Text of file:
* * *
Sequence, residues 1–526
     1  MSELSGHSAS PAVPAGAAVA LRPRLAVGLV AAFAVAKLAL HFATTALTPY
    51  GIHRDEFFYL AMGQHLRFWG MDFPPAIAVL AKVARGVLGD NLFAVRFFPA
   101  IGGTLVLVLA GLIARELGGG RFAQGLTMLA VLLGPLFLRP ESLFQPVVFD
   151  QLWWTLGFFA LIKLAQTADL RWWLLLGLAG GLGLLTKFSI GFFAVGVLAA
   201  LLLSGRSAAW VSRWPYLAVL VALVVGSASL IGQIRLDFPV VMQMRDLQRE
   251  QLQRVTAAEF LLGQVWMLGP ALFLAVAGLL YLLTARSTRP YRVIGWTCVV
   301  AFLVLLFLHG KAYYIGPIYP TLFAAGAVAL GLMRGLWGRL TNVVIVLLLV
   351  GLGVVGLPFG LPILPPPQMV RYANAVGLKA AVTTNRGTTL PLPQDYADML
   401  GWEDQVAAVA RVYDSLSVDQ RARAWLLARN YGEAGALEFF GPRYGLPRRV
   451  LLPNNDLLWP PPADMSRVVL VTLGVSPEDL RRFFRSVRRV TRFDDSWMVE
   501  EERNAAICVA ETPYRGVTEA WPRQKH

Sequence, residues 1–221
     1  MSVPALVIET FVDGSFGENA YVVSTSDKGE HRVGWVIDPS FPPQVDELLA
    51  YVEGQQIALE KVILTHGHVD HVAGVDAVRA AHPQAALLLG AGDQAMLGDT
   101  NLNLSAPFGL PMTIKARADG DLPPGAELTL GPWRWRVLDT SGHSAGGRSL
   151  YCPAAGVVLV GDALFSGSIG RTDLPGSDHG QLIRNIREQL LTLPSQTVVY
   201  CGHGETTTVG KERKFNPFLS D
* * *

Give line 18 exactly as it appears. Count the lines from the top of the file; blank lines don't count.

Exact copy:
   201  CGHGETTTVG KERKFNPFLS D